with foreign nations than was consistent
with the safety: and feelings of the Chi
nese people. The following articles were
agreed to between Lord Clarendon and Mr.
First, That It Is necessary to observe ex
isting treaty stipulations; Second, .That all
negotiations should be conducted with the
central Government, and not with local
authorities; Third, That before the inau
guration of war, disputes should be re
ferred to the home Government.
Lord Clarendon bas issued instructions
to the British agents in China, to act in ac
cordance with the spirit and with the ob
jects above explained, and, moreover, to
caution British subjects to pay due res
pect, not only to the laws of China, but
also to respect tbe usages and' feelings of
the Chinese people. . .
These points settled, the general princi
ples of the American treaty were dis
cussed. Lord Clarendon considered them
kindly and agreed tlrat they should form
tbe subject for future negotiations. ' '
Having established - the basis for tbe
British policy, Mr. Burlingame proceeds
to Paris to-morrow, and returns to Eng
land on the reassembling of Parliament,
to conclude details according to the prin
ciples agreed upon, and. to complete the
objects of his mission. . - - .
Insurgents Defeated in Malaga.
The Berald's special from Madrid, Jan
uary 1st, says : -
General Caballero de Rid a, after having
issued a proclamation to tbe insurgents at
Malaga to throw down their arms, and
tiiey refusing to submit, declared the
place in a state of siege. Tbe town wa;
then attacked by the Government troops
The insurgents were fought in the streets
and defeated, when Caballero succeeded in
restoring order.
Turkey and the Conference.
The Berald's special from Constautino
aple, January 1st, says :
The Turkish Government received an In
vitation yesterday to be represented at
the proposed conferance on the Eastern
question. It is asserted that Faud Pacha
bas been appointed to represent the Sultan.
The date ot the conferance has not yet been
fixed. -
Composition of the Conference.
PARIS, Jan. 3.
The conference will be composed of am
bassadors to France from the various pow
ers. It will dc presided over by M'. Lava
Iette, the new French Foreign Secretary.
The time of holding it is not yet decided
Quiet at Malaga.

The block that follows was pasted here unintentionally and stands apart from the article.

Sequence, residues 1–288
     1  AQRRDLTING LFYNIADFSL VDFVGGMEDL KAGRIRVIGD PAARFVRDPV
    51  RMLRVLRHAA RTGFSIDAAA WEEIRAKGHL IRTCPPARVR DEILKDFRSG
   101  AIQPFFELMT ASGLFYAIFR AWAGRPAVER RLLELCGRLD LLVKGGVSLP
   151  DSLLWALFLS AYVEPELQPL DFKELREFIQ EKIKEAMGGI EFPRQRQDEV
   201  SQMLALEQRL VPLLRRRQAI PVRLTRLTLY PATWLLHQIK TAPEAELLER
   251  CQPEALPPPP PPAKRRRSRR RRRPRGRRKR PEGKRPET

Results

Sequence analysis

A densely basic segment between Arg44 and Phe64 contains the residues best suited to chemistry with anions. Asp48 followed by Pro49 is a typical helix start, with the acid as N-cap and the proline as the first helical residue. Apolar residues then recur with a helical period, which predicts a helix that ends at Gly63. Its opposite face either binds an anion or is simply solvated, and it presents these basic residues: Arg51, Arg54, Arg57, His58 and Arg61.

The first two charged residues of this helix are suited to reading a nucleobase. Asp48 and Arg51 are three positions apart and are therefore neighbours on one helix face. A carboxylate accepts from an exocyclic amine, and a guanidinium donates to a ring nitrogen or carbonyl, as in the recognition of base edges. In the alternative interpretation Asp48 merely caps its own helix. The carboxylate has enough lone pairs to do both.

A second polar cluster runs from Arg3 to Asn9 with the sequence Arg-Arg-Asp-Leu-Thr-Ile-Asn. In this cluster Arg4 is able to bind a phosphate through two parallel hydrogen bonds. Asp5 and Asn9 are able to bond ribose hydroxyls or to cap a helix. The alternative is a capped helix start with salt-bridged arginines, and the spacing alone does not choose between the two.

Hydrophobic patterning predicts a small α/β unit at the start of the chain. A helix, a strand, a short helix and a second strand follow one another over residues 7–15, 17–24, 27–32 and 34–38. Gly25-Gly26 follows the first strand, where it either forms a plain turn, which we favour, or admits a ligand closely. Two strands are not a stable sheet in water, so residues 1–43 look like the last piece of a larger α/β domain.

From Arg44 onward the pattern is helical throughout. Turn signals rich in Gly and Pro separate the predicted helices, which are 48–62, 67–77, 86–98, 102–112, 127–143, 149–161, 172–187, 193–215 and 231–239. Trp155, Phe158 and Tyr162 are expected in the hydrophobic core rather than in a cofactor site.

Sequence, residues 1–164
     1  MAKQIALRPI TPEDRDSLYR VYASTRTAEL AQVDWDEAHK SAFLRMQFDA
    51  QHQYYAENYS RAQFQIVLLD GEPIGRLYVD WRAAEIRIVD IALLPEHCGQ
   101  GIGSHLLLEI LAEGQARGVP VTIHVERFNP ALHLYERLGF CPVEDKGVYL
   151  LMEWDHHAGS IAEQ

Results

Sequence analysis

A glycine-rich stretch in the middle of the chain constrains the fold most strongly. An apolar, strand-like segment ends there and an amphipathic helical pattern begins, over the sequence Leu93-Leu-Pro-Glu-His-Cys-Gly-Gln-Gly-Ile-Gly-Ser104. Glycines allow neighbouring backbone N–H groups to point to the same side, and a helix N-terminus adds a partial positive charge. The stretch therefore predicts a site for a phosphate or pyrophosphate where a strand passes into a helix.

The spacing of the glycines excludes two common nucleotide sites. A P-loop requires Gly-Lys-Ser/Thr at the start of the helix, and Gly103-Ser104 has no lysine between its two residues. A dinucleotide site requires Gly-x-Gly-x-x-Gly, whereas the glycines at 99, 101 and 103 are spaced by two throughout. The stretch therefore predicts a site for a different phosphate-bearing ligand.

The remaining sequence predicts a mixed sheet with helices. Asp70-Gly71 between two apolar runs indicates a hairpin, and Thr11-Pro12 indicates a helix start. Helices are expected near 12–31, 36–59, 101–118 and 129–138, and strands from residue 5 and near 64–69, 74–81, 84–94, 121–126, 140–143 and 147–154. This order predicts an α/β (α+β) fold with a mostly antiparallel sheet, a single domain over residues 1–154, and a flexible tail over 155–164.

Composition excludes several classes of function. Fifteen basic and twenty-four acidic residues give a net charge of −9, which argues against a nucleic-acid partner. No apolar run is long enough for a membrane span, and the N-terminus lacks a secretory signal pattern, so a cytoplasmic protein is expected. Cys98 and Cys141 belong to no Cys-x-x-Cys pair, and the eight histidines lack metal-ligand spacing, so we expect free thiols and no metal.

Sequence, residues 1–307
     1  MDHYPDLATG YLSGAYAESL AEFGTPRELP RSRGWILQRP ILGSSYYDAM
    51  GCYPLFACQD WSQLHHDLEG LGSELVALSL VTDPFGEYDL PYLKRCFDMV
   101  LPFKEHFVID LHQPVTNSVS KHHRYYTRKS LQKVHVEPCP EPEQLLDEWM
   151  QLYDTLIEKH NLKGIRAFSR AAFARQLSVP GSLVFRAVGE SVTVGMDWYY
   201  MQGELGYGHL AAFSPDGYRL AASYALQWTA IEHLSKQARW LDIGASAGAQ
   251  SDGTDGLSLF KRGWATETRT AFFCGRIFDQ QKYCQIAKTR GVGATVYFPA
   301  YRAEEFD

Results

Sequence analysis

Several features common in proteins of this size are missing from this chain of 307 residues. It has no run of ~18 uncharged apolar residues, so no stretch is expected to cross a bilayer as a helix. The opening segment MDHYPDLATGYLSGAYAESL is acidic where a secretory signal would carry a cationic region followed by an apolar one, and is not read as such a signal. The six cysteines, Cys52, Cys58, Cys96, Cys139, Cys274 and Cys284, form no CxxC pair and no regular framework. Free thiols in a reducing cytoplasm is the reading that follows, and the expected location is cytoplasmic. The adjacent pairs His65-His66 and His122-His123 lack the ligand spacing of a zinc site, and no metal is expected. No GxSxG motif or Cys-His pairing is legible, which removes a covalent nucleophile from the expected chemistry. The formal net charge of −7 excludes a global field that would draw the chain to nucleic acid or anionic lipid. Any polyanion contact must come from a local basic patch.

LONDON, Jan. 2.
Details of the insurrection in Malaga
state that after a sharp engagement In the
streets, Gen. de Rod a succeeded in routing
the rebels and restoring order. The iron
clads in tbe harbor acted in concert with
de Boda by pouring a galling fire into tbe
ranks of the insurgents. The country is
now entirely tranquil.
LONDON, Jan. 2.
Late telegrams from Bong Kong con
firm tbe re-establUbment of tbe Mikado
ut Jeddo. , '' ,
International Yacht Race.
LONDON, Jan. 2.
. The Express has an article to day on the
proposed international yacht race. It pro
poses that the owners of yachts of equal
tonnage with the . Dauntless aoeept Ben
ilett's challenge. . .
Further about the Conference.
PAIRS, Jan. 2.
It IsVovV more tha lik'elr tl-'at both the
Turkish and Grecian Gm-eriiiii- m will
participate la the proceedings f the pro
posed conference. It is given out to-day
that. Alexandre' Biso Banagnb, a uoted
Grecian poet, will represent Greece, and
r 11 aa racna. the Turkish Minister of For
eign Affairs, will represent; tbe Sublime
1 orie.
The Latest from Malaga.
NEW YORK, Jan. 3.
A cable dispatch to the Herald, dated
Madrid, Jan. 2, says: A special dispatch
trom Malaga, yesterday, reports, that tbe
insurgents there fired on tbe boat of the
American steamer, Swatara, while convey
ing an American family to the ship. - Ser
rano expressed much regret at the act, and
assured the United States Minister that
the guilty ones would.be" punished. A
short time afterward tire troops attacked
the insurgents in the streets, and carried
three barricades and dispersed the rebels
witn sugnt loss. -
A London dispatch to the Herald con
firms the occupation of Malaga bv Uenerai
De Koda The insurgents lost 400 killed and
UU prisoners.
It is believed the Provisional Govern
ment contemplated a coup U'ecat in favor
of placing Montpenser on the throne as
soon as the citizens in tbe province of Ma
laga are disarmed and before the Cortez has
a chance to assemble. General Serrano and
aud Koda support, but Prim opposes the
movement. The Spanish people generally
tavor a republic, but will be overpowered
1 . I. . -1 :
Riotous Proceedings.
Riotous disturbances arising out of the
attempts of revenue officers to collect un
popular mill tax are reported in some parts
of. the kingdom, but they appear to be ot
an insignincant cnaracier. . . - - .
The Eastern
LONDON, Jan. 3.
The conference on tbe Eastern difficulty
will meet at Paris on the 9th of January.
It is said that should its deliberations prove
abortive, Russia will demand non-interference
on the part of the European powers
in tne quarrel Detween ureece ana Turkey
Preparing for Sea.
Dispatches from Paris report that several
French iron-clads are preparing for sea.
Insurgent Loss at Malaga.
MADRID, Jan. 3.
The official reports state that the loss ot
the insurgents duiing the late fighting
Malaga, was 400 men. The city is uow
periectiy quiet.
Burlingame in Paris.
PARIS, Jan. 3.
Mr. Burlingame and other members ot